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article imageSouth Korean woman first to climb 14 highest peaks

By Igor I. Solar     Apr 29, 2010 in Sports
Seoul - There are 14 mountains on Earth higher than 8000 meters; Oh Eun-Sun of South Korea claims she has climbed them all. Spanish mountaineer Edurne Pasaban objects.
South Korean Oh Eun-Sun, age 44 and just 5’1” tall, became the first woman to reach the world's 14 highest peaks, those taller than 8000 meters. On April 27, she reached the summit of the 8,091-meter Annapurna I. The mountain, located in the Himalayas, is part of a chain of four peaks of the same name, Annapurna I-IV. This was Oh’s second attempt at Annapurna I since October 2009. At that time she came 500 meters short of the summit, but had to retreat because of bad weather.
South Korean mountain climber Oh Eun-Sun  in her webpage  showing equipment details.
South Korean mountain climber Oh Eun-Sun, in her webpage, showing equipment details.
Oh Eun-Sun is considered by South Koreans as a national hero. Thousands of her co-nationals were watching her climb through a live KBS TV broadcast. On reaching the summit, at 18:20 hrs local time, Oh Eun-Sun dressed in red-and-black climbing gear, pulled out a South Korean flag, raised her arms, waved and said:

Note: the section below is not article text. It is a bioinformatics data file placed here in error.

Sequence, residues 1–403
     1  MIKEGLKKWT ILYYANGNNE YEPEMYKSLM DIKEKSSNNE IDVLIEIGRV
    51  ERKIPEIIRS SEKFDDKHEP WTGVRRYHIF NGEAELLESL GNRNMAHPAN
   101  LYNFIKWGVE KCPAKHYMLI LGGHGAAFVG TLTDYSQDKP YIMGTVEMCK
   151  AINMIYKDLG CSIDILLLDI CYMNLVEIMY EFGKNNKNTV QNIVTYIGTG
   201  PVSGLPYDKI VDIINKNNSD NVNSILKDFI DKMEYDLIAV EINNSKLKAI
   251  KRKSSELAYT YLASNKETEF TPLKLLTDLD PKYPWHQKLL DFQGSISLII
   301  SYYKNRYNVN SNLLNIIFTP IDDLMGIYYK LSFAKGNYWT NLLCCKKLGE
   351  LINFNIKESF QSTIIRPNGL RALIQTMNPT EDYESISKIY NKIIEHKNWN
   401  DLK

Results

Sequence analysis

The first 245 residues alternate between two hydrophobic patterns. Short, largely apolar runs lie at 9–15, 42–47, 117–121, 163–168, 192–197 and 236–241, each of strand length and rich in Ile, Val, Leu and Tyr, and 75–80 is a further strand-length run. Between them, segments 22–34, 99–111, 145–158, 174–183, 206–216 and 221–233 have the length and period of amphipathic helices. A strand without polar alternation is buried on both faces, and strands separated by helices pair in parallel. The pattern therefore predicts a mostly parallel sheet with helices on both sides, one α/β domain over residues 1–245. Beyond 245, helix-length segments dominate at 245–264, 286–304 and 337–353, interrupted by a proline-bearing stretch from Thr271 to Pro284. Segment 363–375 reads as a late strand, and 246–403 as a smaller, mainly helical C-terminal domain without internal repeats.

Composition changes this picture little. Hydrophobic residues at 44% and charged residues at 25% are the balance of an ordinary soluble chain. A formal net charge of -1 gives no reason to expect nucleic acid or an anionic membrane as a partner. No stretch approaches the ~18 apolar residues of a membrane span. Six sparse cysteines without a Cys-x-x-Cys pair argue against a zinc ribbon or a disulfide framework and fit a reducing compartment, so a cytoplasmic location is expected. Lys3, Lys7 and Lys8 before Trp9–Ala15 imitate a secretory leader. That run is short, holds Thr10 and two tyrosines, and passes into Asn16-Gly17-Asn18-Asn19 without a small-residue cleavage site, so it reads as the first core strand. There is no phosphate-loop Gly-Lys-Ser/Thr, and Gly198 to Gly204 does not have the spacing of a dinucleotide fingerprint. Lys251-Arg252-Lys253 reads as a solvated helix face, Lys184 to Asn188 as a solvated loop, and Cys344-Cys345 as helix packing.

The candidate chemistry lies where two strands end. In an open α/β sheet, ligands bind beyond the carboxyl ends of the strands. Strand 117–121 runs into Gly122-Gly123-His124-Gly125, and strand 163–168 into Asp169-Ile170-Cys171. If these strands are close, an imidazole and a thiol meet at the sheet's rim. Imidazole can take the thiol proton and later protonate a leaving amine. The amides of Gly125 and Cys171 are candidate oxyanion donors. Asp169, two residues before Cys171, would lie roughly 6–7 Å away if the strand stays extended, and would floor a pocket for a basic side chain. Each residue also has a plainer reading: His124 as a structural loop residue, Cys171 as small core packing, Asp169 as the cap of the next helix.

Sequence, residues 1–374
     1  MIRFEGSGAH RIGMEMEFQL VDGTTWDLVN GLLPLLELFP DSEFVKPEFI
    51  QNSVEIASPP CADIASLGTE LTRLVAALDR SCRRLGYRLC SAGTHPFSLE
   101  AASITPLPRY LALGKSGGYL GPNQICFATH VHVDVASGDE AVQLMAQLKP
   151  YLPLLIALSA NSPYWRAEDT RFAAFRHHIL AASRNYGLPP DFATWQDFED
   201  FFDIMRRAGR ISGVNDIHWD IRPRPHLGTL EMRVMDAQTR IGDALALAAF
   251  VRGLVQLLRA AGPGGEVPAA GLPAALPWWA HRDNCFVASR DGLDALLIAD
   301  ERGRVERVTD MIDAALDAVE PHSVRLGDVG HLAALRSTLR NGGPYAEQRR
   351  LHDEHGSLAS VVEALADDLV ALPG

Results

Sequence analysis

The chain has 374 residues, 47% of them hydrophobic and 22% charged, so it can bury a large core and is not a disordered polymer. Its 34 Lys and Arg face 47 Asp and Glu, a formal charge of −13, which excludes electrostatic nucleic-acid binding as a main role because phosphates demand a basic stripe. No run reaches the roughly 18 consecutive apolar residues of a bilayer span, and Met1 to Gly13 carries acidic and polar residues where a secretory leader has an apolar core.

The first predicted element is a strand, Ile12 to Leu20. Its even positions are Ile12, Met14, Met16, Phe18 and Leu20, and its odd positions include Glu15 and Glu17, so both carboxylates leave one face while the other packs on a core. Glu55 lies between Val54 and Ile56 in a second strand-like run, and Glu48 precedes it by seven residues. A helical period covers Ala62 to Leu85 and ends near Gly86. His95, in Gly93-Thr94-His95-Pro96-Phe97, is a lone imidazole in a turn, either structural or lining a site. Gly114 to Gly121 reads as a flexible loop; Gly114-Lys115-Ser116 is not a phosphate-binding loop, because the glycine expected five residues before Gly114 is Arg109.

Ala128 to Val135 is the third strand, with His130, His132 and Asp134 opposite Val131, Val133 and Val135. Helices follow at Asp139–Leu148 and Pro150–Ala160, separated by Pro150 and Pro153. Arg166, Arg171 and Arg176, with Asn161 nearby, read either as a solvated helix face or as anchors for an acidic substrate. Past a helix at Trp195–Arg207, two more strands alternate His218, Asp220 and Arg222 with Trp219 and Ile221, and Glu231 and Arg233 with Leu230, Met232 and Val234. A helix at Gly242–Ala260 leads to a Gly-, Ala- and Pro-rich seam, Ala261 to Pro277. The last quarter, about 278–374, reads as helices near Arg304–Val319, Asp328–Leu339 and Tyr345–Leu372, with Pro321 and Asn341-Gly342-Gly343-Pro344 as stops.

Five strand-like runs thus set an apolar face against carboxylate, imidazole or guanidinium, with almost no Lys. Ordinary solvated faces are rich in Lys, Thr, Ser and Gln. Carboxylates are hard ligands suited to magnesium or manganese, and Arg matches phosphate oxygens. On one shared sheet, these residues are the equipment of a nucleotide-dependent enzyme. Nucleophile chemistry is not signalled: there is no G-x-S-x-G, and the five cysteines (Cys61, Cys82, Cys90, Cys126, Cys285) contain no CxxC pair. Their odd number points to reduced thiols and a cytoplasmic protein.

Thank you fellow Koreans for being with me throughout the whole expedition... Thank you....
Oh's achievement, however, is the subject of controversy. Her closest rival, Edurne Pasaban, of Spain raised questions about whether Oh actually reached the summit of Mount Kangchenjunga, the world’s third-highest peak, last year. Pasaban told The Times of London recently that Oh's Sherpas told her that Oh did not actually reach the summit because of bad weather. Some evidence presented by the Spanish side refer to blurred pictures that make it difficult to ascertain whether the location of the photographs is actually at the summit, and that a green rope used by the Korean expedition ends 200 meters short of Kangchenjunga’s summit reaching 8,586 meters.
Elizabeth Hawley, the 86-year-old American mountaineering journalist, is unofficially considered the final arbiter on such disputes. Ms Hawley had agreed to acknowledge Oh’s reaching the summit of Kangchenjunga and register it in The Himalayan Database, however marked “disputed,” subject to confirmation.
Edurne Pasaban on her way to the summit of Mountain Gasherbrum I  in 2008.
Edurne Pasaban on her way to the summit of Mountain Gasherbrum I, in 2008.
The name of the mountain, Annapurna, comes from Sanskrit, a classical Indian language, and translates to "Goddess of the Harvests". In Hinduism, Annapurna is regarded as the goddess of fertility, food and agriculture.
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